BOOK REVIEW / The PM we never got: 'Fighting all the Way' - Barbara Castle: Macmillan, 20 pounds

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IT IS only a few weeks since Peter Paterson's biography of George Brown was published. Not many months before that we had Ben Pimlott's superb Harold Wilson. Another life of Wilson, by Philip Ziegler, is due to appear soon. Meanwhile, having already unburdened herself of two large volumes of The Castle Diaries, Barbara Castle offers us a 626-page autobiography. The Labour governments of the Sixties continue to fascinate - more so, certainly, than the Heath administration that followed them. Can one imagine a publisher working up any enthusiasm for, say, a biography of Anthony Barber or the memoirs of Geoffrey Rippon?

After 14 years of Tory rule, this interest may partly be explained by a yearning for - or at least a curiosity about - the days when Labour seemed the natural party of government. But another reason is the number and quality of political scribblers who inhabited the higher reaches of the party at the time. The Wilson Cabinet included three talented and prolific diarists - Richard Crossman, Tony Benn and Barbara Castle - as well as the authors of two of the best political memoirs of modern times, Roy Jenkins and Denis Healey. Try reading Roy Jenkins's A Life at the Centre after a trudge through any of the recent autobiographies by Willie Whitelaw, David Young or Cecil Parkinson, and you will see why students of political history keep returning to the Sixties. The air is more bracing, and the prose shapelier.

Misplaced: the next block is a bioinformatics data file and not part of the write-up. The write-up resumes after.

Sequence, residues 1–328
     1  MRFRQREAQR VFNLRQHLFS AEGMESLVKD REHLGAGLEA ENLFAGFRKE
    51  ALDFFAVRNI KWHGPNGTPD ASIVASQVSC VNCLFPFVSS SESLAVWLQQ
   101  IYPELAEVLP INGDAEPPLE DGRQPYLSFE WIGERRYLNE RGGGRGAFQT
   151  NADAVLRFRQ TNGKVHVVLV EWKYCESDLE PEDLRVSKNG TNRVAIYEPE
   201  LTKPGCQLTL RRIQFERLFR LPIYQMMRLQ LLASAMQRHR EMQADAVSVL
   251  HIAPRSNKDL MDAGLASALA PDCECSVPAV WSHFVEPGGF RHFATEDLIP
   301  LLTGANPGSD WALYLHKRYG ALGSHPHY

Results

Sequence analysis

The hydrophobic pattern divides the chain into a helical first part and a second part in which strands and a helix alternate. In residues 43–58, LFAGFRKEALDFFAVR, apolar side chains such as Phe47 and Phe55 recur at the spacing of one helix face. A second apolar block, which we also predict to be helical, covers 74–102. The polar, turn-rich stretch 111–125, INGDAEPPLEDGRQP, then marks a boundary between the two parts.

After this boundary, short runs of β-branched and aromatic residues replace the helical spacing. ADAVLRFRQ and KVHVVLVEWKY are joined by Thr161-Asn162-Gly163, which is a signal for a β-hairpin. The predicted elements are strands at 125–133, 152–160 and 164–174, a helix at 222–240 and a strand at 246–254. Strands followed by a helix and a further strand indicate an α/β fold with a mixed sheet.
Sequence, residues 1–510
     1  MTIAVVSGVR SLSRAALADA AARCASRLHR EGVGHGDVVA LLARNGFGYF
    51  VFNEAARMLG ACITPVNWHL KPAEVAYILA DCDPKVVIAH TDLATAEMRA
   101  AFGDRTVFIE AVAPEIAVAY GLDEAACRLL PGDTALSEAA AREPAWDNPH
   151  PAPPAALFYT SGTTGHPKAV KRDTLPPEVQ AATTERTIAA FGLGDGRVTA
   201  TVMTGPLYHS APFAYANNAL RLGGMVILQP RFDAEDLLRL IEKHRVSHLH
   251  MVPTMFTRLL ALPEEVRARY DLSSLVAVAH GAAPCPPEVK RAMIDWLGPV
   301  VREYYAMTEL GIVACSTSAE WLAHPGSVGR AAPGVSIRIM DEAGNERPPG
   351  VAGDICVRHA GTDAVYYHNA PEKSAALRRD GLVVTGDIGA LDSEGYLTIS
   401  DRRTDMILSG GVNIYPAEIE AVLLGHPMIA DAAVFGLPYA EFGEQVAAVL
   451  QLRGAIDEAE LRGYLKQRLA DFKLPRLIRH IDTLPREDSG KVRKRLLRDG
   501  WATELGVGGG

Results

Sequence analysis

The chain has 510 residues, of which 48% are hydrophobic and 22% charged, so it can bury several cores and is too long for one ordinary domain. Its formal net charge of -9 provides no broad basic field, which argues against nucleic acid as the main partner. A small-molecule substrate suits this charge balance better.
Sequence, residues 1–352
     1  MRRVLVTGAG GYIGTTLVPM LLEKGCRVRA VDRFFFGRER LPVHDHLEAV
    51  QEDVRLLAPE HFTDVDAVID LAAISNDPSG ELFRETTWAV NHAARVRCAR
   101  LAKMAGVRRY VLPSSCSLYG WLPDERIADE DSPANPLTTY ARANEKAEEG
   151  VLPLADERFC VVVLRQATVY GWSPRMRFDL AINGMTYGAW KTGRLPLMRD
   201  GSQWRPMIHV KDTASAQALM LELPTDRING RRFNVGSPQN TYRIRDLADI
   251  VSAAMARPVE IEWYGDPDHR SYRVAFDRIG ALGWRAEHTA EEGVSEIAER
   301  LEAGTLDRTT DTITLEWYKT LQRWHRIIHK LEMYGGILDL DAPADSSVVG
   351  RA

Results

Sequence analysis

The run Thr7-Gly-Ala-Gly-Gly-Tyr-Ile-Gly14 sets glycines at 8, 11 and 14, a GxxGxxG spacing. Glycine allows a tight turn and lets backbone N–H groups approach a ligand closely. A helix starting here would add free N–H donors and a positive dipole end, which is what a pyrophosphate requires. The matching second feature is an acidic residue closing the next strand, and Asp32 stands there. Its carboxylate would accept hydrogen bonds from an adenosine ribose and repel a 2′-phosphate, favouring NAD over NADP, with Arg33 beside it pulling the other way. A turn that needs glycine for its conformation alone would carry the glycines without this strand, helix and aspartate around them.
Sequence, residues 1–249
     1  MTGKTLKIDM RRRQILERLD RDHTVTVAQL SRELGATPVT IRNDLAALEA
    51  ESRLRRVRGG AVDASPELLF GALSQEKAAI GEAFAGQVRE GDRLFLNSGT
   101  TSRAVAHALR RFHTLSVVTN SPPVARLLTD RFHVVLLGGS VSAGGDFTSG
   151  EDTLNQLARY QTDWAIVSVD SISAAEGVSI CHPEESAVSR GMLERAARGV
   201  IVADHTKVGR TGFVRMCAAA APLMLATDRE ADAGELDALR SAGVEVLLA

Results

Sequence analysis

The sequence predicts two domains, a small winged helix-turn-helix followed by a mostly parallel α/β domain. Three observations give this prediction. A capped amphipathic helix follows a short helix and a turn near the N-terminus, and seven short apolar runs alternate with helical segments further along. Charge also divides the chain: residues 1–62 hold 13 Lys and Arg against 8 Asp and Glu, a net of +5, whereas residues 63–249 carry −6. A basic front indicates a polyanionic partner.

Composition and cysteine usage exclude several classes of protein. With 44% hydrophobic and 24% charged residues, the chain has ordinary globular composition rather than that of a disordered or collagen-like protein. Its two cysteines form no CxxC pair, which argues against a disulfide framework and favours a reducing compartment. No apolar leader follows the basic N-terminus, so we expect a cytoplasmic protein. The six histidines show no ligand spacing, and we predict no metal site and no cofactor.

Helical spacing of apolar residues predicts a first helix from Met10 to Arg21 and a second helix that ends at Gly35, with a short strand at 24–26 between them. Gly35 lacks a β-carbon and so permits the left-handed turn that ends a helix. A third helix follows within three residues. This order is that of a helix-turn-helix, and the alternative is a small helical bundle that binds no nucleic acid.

Yet the political monuments of the time are anything but sexy. Few pulses will quicken at the thought of the Industrial Reorganisation Corporation (which, in one of her oddly frequent nominal lapses, Barbara Castle calls the Industrial Reconstruction Corporation), the National Plan, the Prices and Incomes Board and all the other paraphernalia of tripartite corporatism that enveloped Britain like a pea-souper during the Sixties and Seventies. As Secretary of State for Employment and Productivity, Castle was in the thick of this fog; and in 1969 it almost choked her when, egged on by Harold Wilson, she introduced her White Paper In Place of Strife, proposing a 28-day cooling-off period before unofficial strikes.